The Swedish National Heritage Board is celebrating 5 rewarding years on The Commons on Flickr, where we show and share old copyright free images since March 17th, 2009. Until today, 1.325 images have been uploaded to our photostream, arranged in 24 picture sets and five picture collections reflecting our large public collections of photos and other kinds of images. Since 2009, the initial Flickr Commons project has turned into regular activities at the Board, owing to its success.
Our images on The Commons have been viewed more than 6.5 million times so far. Many of them have reached those who might be most interested, as Carl Curman’s photographs from Spain in 1878, which have been much appreciated by our Spanish followers (and by many others too). The images from Spain were also the subject of an article in the Spanish web journal El PaÃs in 2010.
People from more than 70 countries have viewed the images. About 4.500 Flickr community members are our special contacts on Flickr, always updated on our recently uploaded images – as we are updated on theirs!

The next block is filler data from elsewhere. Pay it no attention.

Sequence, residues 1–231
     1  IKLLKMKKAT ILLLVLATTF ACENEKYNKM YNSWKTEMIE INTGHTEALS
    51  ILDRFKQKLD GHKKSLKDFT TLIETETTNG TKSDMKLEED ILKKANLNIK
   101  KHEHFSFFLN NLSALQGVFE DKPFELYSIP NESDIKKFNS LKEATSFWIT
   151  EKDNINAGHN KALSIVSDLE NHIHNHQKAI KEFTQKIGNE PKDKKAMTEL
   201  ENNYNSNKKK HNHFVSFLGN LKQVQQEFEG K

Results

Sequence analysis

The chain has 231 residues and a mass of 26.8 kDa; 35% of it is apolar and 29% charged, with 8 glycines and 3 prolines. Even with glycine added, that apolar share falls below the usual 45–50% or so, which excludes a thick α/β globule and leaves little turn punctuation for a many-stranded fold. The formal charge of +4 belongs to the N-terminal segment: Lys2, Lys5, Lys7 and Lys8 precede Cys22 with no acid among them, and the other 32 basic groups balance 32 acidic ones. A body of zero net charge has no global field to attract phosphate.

10 % of the images have had new information added in comments and tags by Flickr members, helping us improve the images’ data in our photo database online – Kulturmiljöbild. Entire images, buildings, places, streets and other objects have been located and identified by committed users (and sometimes via blogs, web media or Twitter). Many viewers have found more images in our photo database through a persistent link at each image on The Commons to the image in the database.
Blogs, social media, web media as well as traditional media have used and written about the images and about the Swedish National Heritage Board’s use of Flickr Commons. An example is an article in the British web journal The Guardian in 2013.
We want to thank all you viewers and followers of our photostream and all you Flickr members who have contributed useful and interesting new information. Thank you for viewing, appreciating, tagging, commenting, discussing, adding knowledge and comparative recent photos in comments and much, much more. Thank you for sharing and using our images in so many different and creative ways!
We are indeed grateful to Flickr and to the Library of Congress for the initiative to create The Commons in 2008, giving cultural heritage institutions as ours this great opportunity. Our experience as a government agency is that a photo sharing web site like Flickr is a splendid way to reach out with your public collections, allowing them to be of both use and enjoyment in society.